In this context, the role of the CEO has grown and evolved. Working with the momentum imparted by current events, from crises of public health, societies, economies and the environment, to technological and business-model disruptions, CEOs must design and build the future while generating value for shareholders and a wide range of stakeholders.
A CEO must recognize the interconnectedness of these seemingly disparate objectives: performance requires transformation, and profit for the many is profit for the business. Integrating broad prosperity into the business model presents novel situations beyond traditional stakeholder management. Maintaining financial performance while serving as a force for good requires not only growth and keeping an eye on the bottom line, but also sometimes elevating one’s sight towards the prospect of unexpected opportunities.
Architects of a new era
CEOs, and the Boards of Directors with whom they work, are coming to recognize that while the experience and talents of a Chief Executive are still essential, they are no longer enough to secure success. Most CEOs will have sharpened their skills in a previous era, modeling their leadership style on an earlier archetype, developed in different circumstances. To be effective in complex and uncertain times, CEOs must be ready for an ambitious dual journey of professional and personal reflection and development, while leading and inspiring their teams to embark on the same.
CEOs are being called on to step up as architects of this new era, designing businesses that are innovative, resilient, and responsive to their environments. This requires leaders to be self-aware, relational, and adaptive—a set of qualities that are not independent, but stand strongly together in mutual support.
Self-awareness is a rigorous and disciplined commitment to being conscious of one’s stage on the journey, and to continued learning and personal growth. This involves constant attention to our motives and behavior, as well as how these radiate to transform our business and teams. CEOs must find a delicate balance between self-confidence and mindfulness, always aware of their own limitations. Rather than taking themselves to have reached the terminal point of professional and personal development, CEOs should have the courage and humility to regard their own appointment as a midpoint of their journey, remaining eager to make changes that boost their leadership and effectiveness.
Along with self-awareness, CEOs must cultivate and expand their relationships with genuine openness and boldness, harnessing the collective power of diverse team members and stakeholders to fuel their organization and elevate its performance.
Realizing a relational orientation requires learning new ways of listening and communicating: with curiosity, humility, empathy, and authenticity. These skills allow a CEO to cultivate a “first among equals” relationship with their Board and teams, expanding their self- and organizational awareness by inviting inspiration and insights from diverse perspectives, including responses to their own leadership. Treating these relationships as sacrosanct, defined by mutual trust and respect, will prove essential to CEOs hoping to propel their organizations’ transformation and performance through an increasingly complex landscape.
This relational approach must extend beyond a company’s conventional stakeholders. A CEO should seek out new and uncommon alliances across organizations and sectors, seeing these entities as value creators and pillars of collective strength, offering new opportunities and unique points of view to enrich institutional judgement. As leaders adopt a relational orientation, an older archetype—the “hero” CEO, who stands alone as the head of a hierarchy—is gradually becoming obsolete.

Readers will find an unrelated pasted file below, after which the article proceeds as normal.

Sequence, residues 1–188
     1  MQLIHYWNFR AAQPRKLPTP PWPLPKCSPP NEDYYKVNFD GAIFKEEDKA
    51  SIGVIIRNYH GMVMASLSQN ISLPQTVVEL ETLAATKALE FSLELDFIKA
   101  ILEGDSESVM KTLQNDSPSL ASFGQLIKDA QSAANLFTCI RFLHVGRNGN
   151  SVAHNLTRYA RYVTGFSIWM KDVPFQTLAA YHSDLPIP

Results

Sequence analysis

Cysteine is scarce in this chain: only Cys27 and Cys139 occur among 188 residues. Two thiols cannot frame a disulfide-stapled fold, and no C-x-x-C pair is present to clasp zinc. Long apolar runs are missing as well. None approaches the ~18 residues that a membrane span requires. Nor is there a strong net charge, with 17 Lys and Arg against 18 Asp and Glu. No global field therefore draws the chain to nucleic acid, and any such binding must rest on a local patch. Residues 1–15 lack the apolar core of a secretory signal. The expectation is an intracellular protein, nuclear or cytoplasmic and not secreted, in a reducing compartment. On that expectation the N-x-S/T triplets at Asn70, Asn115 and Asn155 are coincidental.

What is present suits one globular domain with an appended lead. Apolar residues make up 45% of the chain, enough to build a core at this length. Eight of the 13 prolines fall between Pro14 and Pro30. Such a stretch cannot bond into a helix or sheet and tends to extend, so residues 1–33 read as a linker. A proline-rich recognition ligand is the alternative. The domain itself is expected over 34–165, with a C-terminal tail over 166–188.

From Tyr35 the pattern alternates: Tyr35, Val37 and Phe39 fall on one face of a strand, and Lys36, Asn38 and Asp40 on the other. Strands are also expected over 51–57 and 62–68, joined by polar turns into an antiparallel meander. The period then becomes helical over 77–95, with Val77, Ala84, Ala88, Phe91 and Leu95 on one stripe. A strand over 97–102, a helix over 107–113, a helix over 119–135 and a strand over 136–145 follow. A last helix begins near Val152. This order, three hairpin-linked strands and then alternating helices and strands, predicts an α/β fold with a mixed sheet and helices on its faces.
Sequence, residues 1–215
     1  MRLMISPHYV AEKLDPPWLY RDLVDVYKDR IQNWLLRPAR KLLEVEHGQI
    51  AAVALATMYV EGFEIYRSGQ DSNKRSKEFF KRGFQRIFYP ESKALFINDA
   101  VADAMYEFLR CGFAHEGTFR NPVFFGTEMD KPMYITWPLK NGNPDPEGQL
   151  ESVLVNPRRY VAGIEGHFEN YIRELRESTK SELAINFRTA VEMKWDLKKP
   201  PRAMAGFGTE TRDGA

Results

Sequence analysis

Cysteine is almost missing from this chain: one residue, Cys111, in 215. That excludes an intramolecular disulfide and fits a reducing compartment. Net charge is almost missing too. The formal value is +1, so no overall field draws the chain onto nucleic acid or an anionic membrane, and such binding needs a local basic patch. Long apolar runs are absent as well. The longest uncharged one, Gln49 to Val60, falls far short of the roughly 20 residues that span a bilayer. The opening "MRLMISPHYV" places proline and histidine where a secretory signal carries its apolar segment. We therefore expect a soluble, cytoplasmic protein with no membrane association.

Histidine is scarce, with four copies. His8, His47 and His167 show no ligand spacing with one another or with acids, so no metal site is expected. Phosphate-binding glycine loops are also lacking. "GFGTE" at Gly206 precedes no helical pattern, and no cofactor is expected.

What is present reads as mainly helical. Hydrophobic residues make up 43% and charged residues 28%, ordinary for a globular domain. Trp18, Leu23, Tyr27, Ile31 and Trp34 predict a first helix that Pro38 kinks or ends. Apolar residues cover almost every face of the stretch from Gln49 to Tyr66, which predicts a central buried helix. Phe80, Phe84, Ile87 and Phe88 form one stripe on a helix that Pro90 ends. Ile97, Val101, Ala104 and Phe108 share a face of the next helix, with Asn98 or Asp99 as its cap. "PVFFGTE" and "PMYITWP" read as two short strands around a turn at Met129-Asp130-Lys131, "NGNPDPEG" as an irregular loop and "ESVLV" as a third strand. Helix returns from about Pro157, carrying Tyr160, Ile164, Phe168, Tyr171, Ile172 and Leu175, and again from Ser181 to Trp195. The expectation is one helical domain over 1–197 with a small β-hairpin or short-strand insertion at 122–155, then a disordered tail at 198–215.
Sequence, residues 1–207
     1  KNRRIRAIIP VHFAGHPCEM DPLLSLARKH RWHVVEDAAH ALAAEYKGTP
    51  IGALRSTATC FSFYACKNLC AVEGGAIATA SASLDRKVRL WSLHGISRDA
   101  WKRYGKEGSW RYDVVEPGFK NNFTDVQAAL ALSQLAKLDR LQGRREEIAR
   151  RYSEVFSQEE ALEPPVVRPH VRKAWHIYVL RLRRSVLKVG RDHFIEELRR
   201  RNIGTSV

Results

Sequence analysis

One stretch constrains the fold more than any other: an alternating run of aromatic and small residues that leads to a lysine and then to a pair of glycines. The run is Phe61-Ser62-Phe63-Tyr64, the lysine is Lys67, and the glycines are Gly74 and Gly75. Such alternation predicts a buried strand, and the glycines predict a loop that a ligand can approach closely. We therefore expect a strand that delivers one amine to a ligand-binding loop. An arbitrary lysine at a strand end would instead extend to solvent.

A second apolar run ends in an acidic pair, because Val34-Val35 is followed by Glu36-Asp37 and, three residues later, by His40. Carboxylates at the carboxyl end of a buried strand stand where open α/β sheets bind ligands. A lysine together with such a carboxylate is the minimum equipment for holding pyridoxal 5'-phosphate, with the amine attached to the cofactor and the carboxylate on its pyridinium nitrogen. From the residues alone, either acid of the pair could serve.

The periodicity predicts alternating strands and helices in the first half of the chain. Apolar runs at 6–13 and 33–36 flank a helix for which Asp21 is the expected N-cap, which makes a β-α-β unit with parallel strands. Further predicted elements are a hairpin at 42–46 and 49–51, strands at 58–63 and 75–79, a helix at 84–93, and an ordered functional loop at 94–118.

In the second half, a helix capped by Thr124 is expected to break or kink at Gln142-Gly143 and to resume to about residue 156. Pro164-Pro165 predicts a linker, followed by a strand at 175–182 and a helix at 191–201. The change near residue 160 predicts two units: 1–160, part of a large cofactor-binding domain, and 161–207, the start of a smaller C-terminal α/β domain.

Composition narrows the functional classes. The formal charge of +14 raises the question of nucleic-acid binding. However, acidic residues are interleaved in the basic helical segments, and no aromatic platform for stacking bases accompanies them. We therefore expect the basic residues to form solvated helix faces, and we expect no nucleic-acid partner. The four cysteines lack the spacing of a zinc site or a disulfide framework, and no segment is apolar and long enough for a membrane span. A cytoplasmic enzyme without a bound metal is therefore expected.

Undeniably, commitment to a relational orientation is challenging. Relational CEOs must be perceptive enough to sense which relationships can benefit their business and broadly promote prosperity, and then astute enough to realize these advantages.
In an era of rapid transitions, CEOs who can remain clear-sighted and adaptive will be innovative architects of outstanding business performance. They will be bold and creative, honoring valuable traditions while forging new strategies with benefits that ripple out beyond the organization.
These CEOs, especially if relational and self-aware, will use their unique vantage, enriched by insight from their team and stakeholders, to grasp genuine opportunities, as well as to meet or bypass challenges. They will recognize that apparent polarities between people and profit, if synthesized creatively, can be engines of value instead of problems to be solved. And they will travel the tricky adaptive path from old to new models of operation, inspiring their organizations and navigating them through the transition.
Flexibility involves openness, an unquenchable appetite for learning, visionary foresight to predict future challenges and opportunities, and an ability to tap into institutional strengths and origin stories to energize and stretch the organization.
As CEOs lead us through complexity into a better future, they must maintain strong values—recognizing their responsibility to use unwavering humanity as their compass, or North Star, when making decisions or changing paths.
Every era sets its own demands for leadership. In response, a great leader not only accepts the challenge, but brings their own vision to it. Ricardo Bofill knew that to attain global excellence, it would not be enough to pursue architecture in the old way. Instead, he assembled a diverse and skilled team, stretching everyone’s capacities to the limit as together they built in ways no one had envisaged before, creating magnificent and inspiring new landmarks that celebrate the vast potential of humanity. As we enter a period that offers challenges and opportunities on a global scale, it is an honor for us at Egon Zehnder to share the experiences of leaders who are striving to reinvent themselves and their teams, building new organizations together. We hope you will join us as we present the struggles and accomplishments—the imperfect and inspiring human drama—of their stories.